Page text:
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✔ Stylistic awareness ✔ Blues vocabulary & phrasing ✔ Use of musical devices

ike each spoken language or regional dialect, every genre of music has its own stylistic vocabulary from which musicians can draw when performing, composing or improvising. Along with other elements such as the tonal shape and instrumentation used, this provides the listener with a frame of reference, so that we can tell in a second or so if we’re listening to metal as opposed to jazz. Being aware of this ‘language’ allows performers to play with confidence and, by being aware of their predecessors, play with authenticity or take the music into places where it has not been before, by introducing elements from other styles to create a new ‘blend’. This allows the genre to evolve naturally, but still serves as a link in the chain of tradition. The evolution that has occurred within blues over the last century illustrates this process perfectly. This largely American music, a fusion of African melodic and rhythmic ideas with European concepts in harmony, was passed on from generation to generation orally. The ‘first person’ nature of blues promotes a type of personalisation that’s fundamental to each performer. Think about almost every blues lyric; it’s almost always ‘I’, as opposed to a style such as folk, which is more often ‘he, she or they’ with the singer taking on the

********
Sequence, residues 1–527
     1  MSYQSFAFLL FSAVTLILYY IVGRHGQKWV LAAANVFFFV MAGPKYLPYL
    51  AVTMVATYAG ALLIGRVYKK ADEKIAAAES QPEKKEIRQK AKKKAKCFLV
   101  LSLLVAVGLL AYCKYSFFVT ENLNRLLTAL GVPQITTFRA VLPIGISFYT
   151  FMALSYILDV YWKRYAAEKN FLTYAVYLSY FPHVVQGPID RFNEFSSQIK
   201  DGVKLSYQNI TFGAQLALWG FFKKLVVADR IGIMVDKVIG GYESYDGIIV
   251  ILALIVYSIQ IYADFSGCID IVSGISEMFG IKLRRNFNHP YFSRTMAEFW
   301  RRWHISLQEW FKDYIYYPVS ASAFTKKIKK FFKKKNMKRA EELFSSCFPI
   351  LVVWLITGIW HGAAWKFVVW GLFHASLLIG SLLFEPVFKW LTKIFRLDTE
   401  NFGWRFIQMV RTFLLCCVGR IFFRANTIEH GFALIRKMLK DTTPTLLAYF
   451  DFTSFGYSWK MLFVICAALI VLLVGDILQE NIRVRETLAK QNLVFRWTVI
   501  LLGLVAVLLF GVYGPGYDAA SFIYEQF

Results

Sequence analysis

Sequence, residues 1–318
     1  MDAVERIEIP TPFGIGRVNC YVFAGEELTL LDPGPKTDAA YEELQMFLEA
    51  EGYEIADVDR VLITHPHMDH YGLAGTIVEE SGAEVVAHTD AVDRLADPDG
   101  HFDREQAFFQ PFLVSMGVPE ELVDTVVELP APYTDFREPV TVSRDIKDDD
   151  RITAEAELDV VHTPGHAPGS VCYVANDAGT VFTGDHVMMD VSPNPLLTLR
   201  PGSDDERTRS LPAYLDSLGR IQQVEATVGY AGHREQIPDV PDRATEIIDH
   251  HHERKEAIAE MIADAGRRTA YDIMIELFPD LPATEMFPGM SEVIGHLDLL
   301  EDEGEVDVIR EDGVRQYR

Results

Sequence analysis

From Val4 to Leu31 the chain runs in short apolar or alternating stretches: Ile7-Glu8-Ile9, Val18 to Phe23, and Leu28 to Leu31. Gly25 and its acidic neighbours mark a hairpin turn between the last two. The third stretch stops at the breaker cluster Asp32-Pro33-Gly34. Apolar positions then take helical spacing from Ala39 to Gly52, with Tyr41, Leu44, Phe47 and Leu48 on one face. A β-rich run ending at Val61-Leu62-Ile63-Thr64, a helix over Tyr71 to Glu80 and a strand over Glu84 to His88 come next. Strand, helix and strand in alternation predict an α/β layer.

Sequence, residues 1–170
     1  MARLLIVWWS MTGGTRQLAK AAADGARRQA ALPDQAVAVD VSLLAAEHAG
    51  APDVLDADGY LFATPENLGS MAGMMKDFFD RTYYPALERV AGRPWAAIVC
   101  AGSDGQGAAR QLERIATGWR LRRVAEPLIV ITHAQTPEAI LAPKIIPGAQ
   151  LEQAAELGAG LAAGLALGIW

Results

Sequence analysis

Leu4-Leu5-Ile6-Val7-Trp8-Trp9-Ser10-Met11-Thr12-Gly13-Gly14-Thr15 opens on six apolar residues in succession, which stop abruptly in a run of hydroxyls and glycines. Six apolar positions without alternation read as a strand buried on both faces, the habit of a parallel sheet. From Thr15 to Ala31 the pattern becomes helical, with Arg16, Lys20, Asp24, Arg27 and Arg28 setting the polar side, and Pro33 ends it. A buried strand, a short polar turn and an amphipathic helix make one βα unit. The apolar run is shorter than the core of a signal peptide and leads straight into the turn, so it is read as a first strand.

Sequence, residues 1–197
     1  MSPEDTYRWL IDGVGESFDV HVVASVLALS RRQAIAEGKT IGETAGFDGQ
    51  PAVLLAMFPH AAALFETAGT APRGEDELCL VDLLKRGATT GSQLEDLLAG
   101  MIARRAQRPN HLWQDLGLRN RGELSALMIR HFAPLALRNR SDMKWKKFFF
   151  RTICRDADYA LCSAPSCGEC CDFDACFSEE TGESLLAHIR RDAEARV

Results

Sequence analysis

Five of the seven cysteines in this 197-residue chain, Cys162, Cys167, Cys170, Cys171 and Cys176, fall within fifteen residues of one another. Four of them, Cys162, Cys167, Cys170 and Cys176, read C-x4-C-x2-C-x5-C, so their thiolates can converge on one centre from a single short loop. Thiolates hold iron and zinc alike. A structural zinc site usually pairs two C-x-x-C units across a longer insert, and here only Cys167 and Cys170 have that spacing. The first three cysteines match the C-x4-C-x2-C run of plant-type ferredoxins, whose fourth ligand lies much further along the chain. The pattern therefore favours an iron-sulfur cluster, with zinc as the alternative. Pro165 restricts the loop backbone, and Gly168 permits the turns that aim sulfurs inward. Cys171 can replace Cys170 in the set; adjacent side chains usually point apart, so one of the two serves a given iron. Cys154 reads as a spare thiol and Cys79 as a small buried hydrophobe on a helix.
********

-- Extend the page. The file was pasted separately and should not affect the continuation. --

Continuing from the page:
role of storyteller, or narrator. From its beginnings right through to the present day, it’s crucial that a blues artist develops his own voice. But then again, it’s also vitally important that they are respectful and aware of the traditions of the form, and can put their own personal stamp on the music while remaining true to the genre overall. With this in mind, learning from the past masters is the way to go. Every great blues artist has learnt in this way. They’ve all listened, watched, imitated, stolen, mimicked and paraphrased anybody they can. Like the way we learn how to speak (by imitation and then with cognitive intervention) they’ve put in thousands of hours of listening, watching and playing with previous generations of masters. If their gaze is wide then some cross pollination of styles will likely occur. Likewise if they are inventive and open to new ideas, at some point their own musical voice will doubtless emerge. The purpose of this lesson is to concentrate on just one super-specific area within blues: electric guitar soloing vocabulary. We’ll be looking at how certain stylistic, conceptual or technical considerations can be traced from player to player, and from generation to generation, to illustrate how this chain of influence colours each artist’s note selection and vocabulary. We’ve taken three historical pathways and aligned them to the three most common harmonic situations in blues. So, for major we begin at Charlie Christian and come full circle with Matt Schofield; for minor we see how Lonnie Johnson relates to Philip Sayce; and for dominant 7th the connection goes around from